This talk introduces the contexts in which teachers and students are learning new literacies today through a three part format, starting with a survey of the ways in which globalization is affecting education in general and English language teaching in contexts such as Brazil in particular. It will then move into a discussion of the new literacies being developed to negotiate the digital world, and conclude with a section raising questions about how these literacies may be developed to meet specific local needs. The paper raises questions about whose interests global English serves, to what extent it may be a homogenizing force and to what extent and under what circumstances, it can enable learner autonomy and encourage bi- or multilingualism. As visual imaginaries join language in creating frameworks for making sense of the world, how are these changing the ways we imagine our identities, our choices, and our capacities for changing our lives and our world? What are the implications of these globalizing forces for how we understand the role of education, the nature of knowledge, and the scope of literacy as a social practice?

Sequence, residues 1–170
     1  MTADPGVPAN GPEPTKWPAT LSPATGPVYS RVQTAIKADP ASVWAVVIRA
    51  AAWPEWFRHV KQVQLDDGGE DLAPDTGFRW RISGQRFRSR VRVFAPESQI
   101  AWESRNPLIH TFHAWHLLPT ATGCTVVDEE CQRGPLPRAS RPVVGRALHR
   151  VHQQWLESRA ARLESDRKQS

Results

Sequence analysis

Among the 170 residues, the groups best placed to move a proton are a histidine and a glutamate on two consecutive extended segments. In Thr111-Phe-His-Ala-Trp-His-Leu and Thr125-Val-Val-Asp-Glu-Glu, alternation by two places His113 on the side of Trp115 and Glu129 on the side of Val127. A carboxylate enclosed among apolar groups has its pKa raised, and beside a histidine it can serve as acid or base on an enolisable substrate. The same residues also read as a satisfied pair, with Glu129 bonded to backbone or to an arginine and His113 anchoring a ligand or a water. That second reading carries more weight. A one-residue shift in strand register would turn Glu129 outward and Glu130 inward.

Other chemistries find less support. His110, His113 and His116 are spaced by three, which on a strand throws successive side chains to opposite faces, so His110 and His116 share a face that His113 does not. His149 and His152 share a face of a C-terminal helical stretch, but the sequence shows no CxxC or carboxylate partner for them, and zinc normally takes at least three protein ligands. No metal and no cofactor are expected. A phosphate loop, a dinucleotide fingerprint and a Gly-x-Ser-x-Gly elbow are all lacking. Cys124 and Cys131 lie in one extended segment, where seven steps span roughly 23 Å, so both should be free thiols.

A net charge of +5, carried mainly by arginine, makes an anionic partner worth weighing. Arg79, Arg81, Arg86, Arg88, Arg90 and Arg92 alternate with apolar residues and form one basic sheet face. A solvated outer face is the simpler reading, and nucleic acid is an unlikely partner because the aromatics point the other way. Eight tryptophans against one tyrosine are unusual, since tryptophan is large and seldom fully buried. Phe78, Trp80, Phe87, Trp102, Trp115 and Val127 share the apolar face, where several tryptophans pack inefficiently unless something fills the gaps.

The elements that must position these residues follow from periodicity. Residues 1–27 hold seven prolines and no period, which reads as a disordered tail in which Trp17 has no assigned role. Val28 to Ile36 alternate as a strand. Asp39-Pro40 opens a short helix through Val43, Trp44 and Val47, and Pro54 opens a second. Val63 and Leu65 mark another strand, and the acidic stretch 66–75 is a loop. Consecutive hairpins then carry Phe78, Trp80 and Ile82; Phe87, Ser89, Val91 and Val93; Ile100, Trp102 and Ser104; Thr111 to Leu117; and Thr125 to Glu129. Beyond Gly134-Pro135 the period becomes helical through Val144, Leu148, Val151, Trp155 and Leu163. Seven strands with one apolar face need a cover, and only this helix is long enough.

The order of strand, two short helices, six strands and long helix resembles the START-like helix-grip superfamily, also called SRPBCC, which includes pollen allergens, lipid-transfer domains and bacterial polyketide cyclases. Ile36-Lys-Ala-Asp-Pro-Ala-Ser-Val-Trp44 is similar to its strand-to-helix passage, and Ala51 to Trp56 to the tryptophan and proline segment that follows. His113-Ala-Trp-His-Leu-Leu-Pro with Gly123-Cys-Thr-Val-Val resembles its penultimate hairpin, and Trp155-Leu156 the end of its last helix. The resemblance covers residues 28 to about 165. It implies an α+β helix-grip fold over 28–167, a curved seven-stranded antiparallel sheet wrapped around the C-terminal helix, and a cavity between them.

This event is partially supported through a grant obtained by Ruberval Maciel from Foreign Affairs and International Trade Canada. Ruberval was a Visiting Associate of the Centre from September 15 to January 15 2010 and is now continuing as an Adjunct Associate of the Centre working in The Critical Literacies Research cluster. His research project is: Curricular Innovation and teacher development in the public sector in Brazil.